Masters Theses

Date of Award


Degree Type


Degree Name

Master of Science


Plant Sciences

Major Professor

Amy Fulcher

Committee Members

Dean A., Kopsell, Brian G. Leib, John C. Sorochan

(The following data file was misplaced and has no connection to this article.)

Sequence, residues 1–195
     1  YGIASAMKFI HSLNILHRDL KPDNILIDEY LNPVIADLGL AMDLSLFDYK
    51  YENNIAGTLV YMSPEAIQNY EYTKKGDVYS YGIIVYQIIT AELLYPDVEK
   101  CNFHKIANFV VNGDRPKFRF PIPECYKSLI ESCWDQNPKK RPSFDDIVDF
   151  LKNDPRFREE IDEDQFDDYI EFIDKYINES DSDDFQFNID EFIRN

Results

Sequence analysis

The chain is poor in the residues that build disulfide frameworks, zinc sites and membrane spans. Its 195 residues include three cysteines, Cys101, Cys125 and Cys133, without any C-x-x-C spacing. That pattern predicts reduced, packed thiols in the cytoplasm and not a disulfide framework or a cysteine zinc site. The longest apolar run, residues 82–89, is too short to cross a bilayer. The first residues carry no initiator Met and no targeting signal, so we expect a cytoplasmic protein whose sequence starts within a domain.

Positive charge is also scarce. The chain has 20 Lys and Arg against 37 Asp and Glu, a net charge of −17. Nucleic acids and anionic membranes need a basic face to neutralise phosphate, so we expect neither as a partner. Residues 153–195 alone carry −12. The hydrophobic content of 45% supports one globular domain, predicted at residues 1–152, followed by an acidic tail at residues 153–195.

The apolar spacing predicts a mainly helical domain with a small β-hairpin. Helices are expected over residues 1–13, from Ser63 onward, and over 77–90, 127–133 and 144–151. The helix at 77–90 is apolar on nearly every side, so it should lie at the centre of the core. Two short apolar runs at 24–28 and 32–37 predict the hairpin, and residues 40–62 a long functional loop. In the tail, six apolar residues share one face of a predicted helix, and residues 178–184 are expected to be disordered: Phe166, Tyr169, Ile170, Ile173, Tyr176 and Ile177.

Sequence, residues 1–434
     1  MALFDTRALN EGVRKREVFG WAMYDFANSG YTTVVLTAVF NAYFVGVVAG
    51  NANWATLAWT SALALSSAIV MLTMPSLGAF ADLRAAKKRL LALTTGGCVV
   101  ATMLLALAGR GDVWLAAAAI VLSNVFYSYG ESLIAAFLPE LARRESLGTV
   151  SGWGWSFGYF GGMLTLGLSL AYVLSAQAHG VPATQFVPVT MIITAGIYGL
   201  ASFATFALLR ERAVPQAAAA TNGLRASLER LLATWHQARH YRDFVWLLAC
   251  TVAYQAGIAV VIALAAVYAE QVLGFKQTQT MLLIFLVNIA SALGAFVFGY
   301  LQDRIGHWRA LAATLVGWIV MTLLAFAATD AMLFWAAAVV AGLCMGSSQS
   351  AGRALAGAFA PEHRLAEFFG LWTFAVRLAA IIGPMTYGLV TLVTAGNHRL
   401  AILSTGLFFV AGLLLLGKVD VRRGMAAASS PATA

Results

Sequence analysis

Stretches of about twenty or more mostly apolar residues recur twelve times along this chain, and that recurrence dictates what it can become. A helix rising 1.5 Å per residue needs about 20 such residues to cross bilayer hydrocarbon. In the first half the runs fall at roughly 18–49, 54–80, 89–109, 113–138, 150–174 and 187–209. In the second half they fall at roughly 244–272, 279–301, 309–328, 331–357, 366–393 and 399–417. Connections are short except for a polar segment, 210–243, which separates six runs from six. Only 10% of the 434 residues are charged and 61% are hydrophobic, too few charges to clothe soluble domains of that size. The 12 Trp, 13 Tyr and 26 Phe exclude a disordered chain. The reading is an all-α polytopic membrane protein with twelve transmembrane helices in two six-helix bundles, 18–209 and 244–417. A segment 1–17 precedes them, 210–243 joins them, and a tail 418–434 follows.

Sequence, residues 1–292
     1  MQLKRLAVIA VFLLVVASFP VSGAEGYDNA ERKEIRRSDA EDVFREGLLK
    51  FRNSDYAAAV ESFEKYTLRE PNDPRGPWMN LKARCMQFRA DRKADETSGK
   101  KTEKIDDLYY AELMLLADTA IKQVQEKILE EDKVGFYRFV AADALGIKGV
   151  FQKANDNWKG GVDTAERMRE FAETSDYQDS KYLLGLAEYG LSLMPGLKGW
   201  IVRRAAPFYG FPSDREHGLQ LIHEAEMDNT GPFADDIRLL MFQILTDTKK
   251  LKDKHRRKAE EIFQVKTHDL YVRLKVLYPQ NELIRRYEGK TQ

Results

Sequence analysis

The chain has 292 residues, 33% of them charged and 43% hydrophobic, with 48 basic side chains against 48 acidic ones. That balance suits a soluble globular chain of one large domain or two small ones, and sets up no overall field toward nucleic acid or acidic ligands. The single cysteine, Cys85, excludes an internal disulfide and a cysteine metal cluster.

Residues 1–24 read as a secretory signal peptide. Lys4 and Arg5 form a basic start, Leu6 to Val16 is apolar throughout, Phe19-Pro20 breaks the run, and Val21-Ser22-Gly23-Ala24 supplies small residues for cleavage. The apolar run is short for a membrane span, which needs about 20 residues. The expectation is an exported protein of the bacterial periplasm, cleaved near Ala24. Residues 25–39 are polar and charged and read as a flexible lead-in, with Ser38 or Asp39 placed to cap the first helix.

Several experiments were conducted to further develop capacitance sensor-based automated irrigation systems. The first experiment tested whether the photosynthetic response to decreasing volumetric water content (VWC) differed among four species tested. A sigmoidal curve best described the relationship for all species (r2 [r-squared]>0.86). The VWC that maintained maximum photosynthesis at 90% was selected as a potential conservative irrigation set point and values were not different between species, nor were 100% container capacity values. This indicates that a single set point is adequate to initiate irrigation and that a common upper threshold for VWC can be used for this group of taxa. This research also examined which of five sensor placements best estimates VWC and the effect of low VWC on sensor reading variability. Five sensor placements were tested; three sensors were horizontally inserted into the sidewall at 5 cm, 10 cm and 15 cm from the base of the container. The other two placements, vertical and diagonal, were inserted into the substrate surface. All positions showed a strong linear relationship (r2[r-squared]>0.92) making them all appropriate models of container substrate moisture. No placement proved better than the others, but choosing a vertical placement is most practical for sensor calibration, installation, and removal. Other trials were conducted to test two container nursery irrigation regimes on oakleaf hydrangea (Hydrangea quercifolia ‘Alice’) in both nursery and greenhouse environments. Plants were automatically irrigated by one of two substrate moisture sensor-based regimes: 1) a daily water use (DWU) system that delivered the exact amount of water lost in the previous 24 h and 2) an on-demand (OD) irrigation system based on the relationship between substrate moisture level and photosynthetic rate. In this system, irrigation was applied when the substrate moisture level fell below 33% container capacity, which corresponded to 90% maximum predicted photosynthetic rate. Both treatments used significantly less water than the industry standard of 2.5 cm/day. This research demonstrated that automating irrigation based on the relationship between photosynthesis and VWC may be practical for multiple species in a nursery setting and can attenuate water use to meet crop demands.

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